Jan 6 Rioter Who Brought Loaded Gun To Capitol Gets Jailed


U.S. Magistrate Judge Zia M. Faruqui has ruled that Indiana resident and Capitol rioter Mark Mazza is to be held in custody ahead of further proceedings on charges including assaulting police and bringing a loaded gun to the Capitol complex. Specifically, Mazza had a revolver with three shotgun shells and two hollow point bullets at the Capitol, and amid the chaos of the day, he dropped it — later falsely reporting to local authorities that it had been stolen. Referring to House Speaker Nancy Pelosi (D-Calif.), Mazza told investigators that he “never did get to talk to Nancy,” but if he had, then authorities would “be here for another reason” — clearly threatening Pelosi.

Mazza’s attorney, Greg English, tried to push responsibility for his client’s actions onto Trump — although Mazza’s after-the-fact threats against Pelosi undercut the idea that he was some kind of hapless pawn. English said, though, that the circumstances constituted “a unique situation where the President of the United States called people to come to Washington and lied to them and essentially said the election had been stolen, where no credible evidence, to my knowledge, has been presented of that.” Among Faruqui’s observations in response was the comment that “what’s particularly concerning to me is that the defendant’s firearm was loaded with shotgun shells and hollow-point bullets… which are significantly more lethal.” Mazza’s apparent actions, the judge said, don’t suggest a “momentary lapse of judgement.”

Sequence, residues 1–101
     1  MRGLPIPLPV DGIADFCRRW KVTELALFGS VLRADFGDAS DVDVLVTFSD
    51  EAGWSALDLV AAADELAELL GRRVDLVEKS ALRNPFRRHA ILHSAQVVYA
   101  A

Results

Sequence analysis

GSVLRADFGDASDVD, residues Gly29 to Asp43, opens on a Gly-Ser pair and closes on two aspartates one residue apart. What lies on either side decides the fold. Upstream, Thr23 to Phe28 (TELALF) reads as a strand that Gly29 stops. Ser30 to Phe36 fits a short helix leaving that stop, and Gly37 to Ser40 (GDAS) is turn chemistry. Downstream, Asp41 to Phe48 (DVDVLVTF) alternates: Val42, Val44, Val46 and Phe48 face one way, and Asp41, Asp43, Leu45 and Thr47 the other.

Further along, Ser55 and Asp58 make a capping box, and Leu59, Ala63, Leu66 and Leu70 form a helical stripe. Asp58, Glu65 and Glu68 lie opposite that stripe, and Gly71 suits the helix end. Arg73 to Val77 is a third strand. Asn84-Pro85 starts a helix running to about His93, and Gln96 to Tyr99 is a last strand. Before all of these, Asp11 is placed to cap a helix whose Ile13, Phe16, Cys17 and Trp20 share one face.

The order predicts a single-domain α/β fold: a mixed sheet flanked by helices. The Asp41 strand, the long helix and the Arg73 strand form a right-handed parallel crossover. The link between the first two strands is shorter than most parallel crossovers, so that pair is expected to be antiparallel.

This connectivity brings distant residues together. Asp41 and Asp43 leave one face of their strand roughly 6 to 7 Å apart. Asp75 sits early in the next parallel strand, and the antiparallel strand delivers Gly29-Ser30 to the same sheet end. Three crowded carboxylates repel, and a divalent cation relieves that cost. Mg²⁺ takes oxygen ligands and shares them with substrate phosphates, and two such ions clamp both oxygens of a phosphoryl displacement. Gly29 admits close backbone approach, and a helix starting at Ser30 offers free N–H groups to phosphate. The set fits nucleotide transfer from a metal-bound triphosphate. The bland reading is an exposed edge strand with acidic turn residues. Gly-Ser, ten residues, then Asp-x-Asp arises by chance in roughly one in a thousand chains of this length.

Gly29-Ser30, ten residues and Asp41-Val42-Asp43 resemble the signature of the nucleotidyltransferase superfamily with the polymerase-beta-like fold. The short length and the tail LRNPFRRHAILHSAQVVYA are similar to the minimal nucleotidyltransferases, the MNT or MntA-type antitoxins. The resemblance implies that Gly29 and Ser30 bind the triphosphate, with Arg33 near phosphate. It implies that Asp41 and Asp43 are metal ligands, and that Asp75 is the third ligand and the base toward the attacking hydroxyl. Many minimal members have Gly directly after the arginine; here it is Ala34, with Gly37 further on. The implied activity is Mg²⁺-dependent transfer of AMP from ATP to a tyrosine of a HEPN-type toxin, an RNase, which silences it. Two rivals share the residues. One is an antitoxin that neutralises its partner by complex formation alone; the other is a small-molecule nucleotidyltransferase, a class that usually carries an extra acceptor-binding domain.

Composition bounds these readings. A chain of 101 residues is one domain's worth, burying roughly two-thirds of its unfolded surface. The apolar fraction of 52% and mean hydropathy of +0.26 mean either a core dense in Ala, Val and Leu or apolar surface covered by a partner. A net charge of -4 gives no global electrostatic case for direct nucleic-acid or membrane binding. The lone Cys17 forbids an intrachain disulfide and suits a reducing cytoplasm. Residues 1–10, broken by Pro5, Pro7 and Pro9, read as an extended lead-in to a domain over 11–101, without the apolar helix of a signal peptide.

Mazza’s charges also include obstruction of an official proceeding, which is a felony offense that comes with a potential sentence of up to 20 years, if convicted. This offense is the same charge that’s been contemplated as potentially applying to Trump himself, and the House committee investigating the Capitol riot has been considering sending criminal referrals to the Justice Department for Trump and others. Although these referrals wouldn’t force the Justice Department to bring a criminal case against Trump, they’d increase the pressure for action. Rep. Liz Cheney (R-Wyo.) herself, who serves as the vice chair of the riot investigation panel, said at a recent hearing that questions include whether Trump, “through action or inaction, corruptly [sought] to obstruct or impede Congress’s official proceeding to count electoral votes” — a question utilizing the language of the law.